Post reporters found that the stresses on outpatients at Walter Reed included not only their physical recovery, dank rooms or long waits but also the difficulty they have in getting fair disability compensation. Army review boards searched for reasons to deny maimed soldiers disability funds, often blaming "preexisting conditions," not wartime service, for physical and mental disorders. In one instance, a review board claimed that a middle-aged soldier's poorly healed broken foot was the result of "late-life atrophy," not a severe car wreck in Iraq. There's no excuse for the Army to try so hard to deny disability compensation to wounded soldiers. After sacrificing their health, they should get the benefit of the doubt in such decisions. After all, improperly denying compensation can bankrupt soldiers and their families for years.

After we asked, a Defense Department spokesman told us in an e-mail that the Disability Evaluation System will be improved "across the board" and that the Pentagon will ensure that it is a "full and fair due process with regard to disability evaluation and compensation." Even if the Defense Department weren't so committed, it might soon have little choice in the matter. Sens. Barack Obama (D-Ill.) and Claire McCaskill (D-Mo.) plan to introduce legislation next week that would require the secretary of defense to review the Disability Evaluation System as well as address some of the other problems The Post uncovered. Either way, veterans too seriously wounded to return to active duty should get the benefits they deserve without having to beg for them.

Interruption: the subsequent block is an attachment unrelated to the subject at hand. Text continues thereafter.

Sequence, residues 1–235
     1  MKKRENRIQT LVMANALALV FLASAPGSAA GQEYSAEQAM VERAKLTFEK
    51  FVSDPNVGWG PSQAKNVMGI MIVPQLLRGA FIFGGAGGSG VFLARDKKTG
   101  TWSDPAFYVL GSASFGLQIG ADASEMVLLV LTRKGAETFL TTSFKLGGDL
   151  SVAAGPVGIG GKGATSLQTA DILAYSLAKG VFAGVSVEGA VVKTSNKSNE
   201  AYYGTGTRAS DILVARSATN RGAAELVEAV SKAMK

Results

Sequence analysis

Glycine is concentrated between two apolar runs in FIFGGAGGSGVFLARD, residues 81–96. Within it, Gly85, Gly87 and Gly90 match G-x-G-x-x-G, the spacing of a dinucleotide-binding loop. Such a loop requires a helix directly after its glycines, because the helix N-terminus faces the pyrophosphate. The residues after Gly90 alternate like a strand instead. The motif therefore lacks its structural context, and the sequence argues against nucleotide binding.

The misery of all this mistreatment by the system is felt by individuals who served in the military, attempting to serve their country. Although the maladministration has warped their intentions in this Iraqi war and the Vietnam war, they have earned our gratitude, not neglect.